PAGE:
Posted in cross, end of days, forgiveness, prophecy, sins

Jesus did not die for you

I am working on a couple of other blog entries, plus the weekly newsletter, but this comes to mind now and I felt compelled to write it. I hear all the time, “Aww, Jesus died for me. He died for my sins. Just for me.” Actually, He didn’t.

Jesus died because God required a punishment for sin, and that punishment was a spotless sacrifice. Jesus obeyed God to become that sacrifice. He chose to become God incarnate and He chose to die. “No one takes it from me, but I lay it down of my own accord. I have authority to lay it down and authority to take it up again.” (John 10:18) and also John 6:37-40: “All that the Father gives me will come to me, and whoever comes to me I will never cast out. For I have come down from heaven, not to do my own will but the will of him who sent me. And this is the will of him who sent me, that I should lose nothing of all … “. In this way, Jesus died for GOD. We are beneficiaries of His obedience.

I don’t know why God has it set up that a blood sacrifice is required to satisfy a sin-debt. We get a glimpse in Genesis and Leviticus, “But you shall not eat flesh with its life – its blood”. (Gen 9:4) “For the life of the flesh is in the blood…for it is the blood that makes atonement for the soul” (Lev 17:11)

Jesus kind of did die for us. I was being provocative above 😉 If Adam and Eve had not fallen from grace then Jesus never would have had to incarnate to die on the cross, shedding His blood for OUR sin. But first and foremost Jesus died to satisfy His father, in the universe’s ultimate act of obedience and love. It is why Jesus deserves all the glory and all the praise.

I find it helpful to keep this perspective, because it keeps the spotlight off me, my sins, and my decision to accept the benefit of His work on the cross. I am sinner, yes. But it was His choice to do this for us that I praise and I am eternally grateful for. It keeps the spotlight on Him. Which is as it should be!
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Posted in Colosseum, cross, faith, italy, martyr

Take heart, O grieving family members!

I went to Italy in the 90s several times. I always enjoyed the Colosseum. A marvel of Roman ingenuity, architecture, and history, I visited it while admiring all the qualities that make it a famous attraction. I took many photos. My favorite is this one. I had it enlarged and have had it hanging on my wall ever since:

The underground chambers were called Hypogeum and refer to the vast network of rooms, cells, tunnels and passages under the Roman Colosseum. The floor of the Colosseum was over 6 acres, so the hypogeum was easily able to accommodate a huge number of underground tunnels, passages and chambers used to house animals, stage props and slaves who worked there. It was these facts and the thrilling sight of the actual subterranean chambers that entranced me at the time.

Tonight, I was sifting through mounds of photos for a photo project I am doing that is unrelated to Italy, and I came across the photo below. I have visited the Colosseum and I have viewed this photo many times, but never until tonight, the first time I looked at the picture since I’ve been saved, I noticed immediately the cross in the foreground. Immediately.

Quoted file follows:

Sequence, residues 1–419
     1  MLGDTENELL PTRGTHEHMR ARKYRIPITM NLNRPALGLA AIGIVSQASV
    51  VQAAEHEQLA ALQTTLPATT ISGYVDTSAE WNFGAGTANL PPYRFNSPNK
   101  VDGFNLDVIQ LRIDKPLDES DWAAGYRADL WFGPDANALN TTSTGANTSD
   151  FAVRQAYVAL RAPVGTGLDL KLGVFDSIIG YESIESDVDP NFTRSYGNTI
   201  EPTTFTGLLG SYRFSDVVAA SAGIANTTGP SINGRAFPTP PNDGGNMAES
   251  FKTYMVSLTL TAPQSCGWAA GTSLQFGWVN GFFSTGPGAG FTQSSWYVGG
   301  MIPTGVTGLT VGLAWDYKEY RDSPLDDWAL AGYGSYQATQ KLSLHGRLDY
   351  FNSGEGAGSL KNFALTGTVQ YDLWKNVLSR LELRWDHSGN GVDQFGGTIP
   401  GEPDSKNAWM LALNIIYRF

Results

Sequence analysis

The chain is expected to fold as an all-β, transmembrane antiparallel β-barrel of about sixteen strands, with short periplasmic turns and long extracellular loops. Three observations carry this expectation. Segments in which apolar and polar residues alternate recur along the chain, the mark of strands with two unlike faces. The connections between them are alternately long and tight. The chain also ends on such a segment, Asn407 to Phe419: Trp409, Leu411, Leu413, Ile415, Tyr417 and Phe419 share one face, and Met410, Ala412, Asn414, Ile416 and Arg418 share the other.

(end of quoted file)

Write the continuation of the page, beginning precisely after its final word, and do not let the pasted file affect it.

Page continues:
Until now, I had never even seen it. I had never seen it before this moment. Despite having visited the place and lingered there for hours, despite having taken photos from many angles, the cross was simply not in my field of spiritual vision. Why? 2 Cor 4:4 “The god of this age has blinded the minds of unbelievers, so that they cannot see the light of the gospel of the glory of Christ, who is the image of God.” My god at that time was the god of this age, and boy, was I ever blind.

I teared up looking at that simple cross amid the history of the debauchery of the late Roman age. I remembered my history: the Christians that were killed there by lions, their last moments ones of terror, feeling the crunch of the sand under their feet as they perhaps ran from sure death, seeing the lions’ claws reaching for their necks, hearing the roar of the crowd jeering as they drew their last breaths. Their sacrifice kept a nascent religion alive, so that I, wretched I, could visit the place and never even notice the emblem of Christ’s shame and glory.

It was ten years later at age 44 that I came to the cross as a repentant sinner. It was unexpected given my family history, a miracle, truly. It is a testament to the power of the Holy Spirit Who draws those to the cross those whose hearts are not hardened. I was blind, my ears were dulled, but my heart stayed open just a bit, and the truth broke through. I know that others were praying for me, they told me so later. Take hope, praying Christians, for family members and friends who are not saved. The blind DO eventually see, the deaf DO eventually hear. Prayer works. Keep praying for the lost.

Posted in barack obama, cross, end time, new york times, prophcy

Memo to NY Times: Get a room

NY Times’s graphic depicting a silhouetted Obama against a cross is over the top even for the old grey liberal lapdog to present. Have they no shame? No, said Paul. In the time of the end, they will have no shame at all:

2 Timothy 3
This know also, that in the last days perilous times shall come.
For men shall be lovers of their own selves, covetous, boasters, proud, blasphemers, disobedient to parents, unthankful, unholy,
Without natural affection, trucebreakers, false accusers, incontinent, fierce, despisers of those that are good,
Traitors, heady, highminded, lovers of pleasures more than lovers of God;
Having a form of godliness, but denying the power thereof: from such turn away.
For of this sort are they which creep into houses, and lead captive silly women laden with sins, led away with divers lusts,
Ever learning, and never able to come to the knowledge of the truth.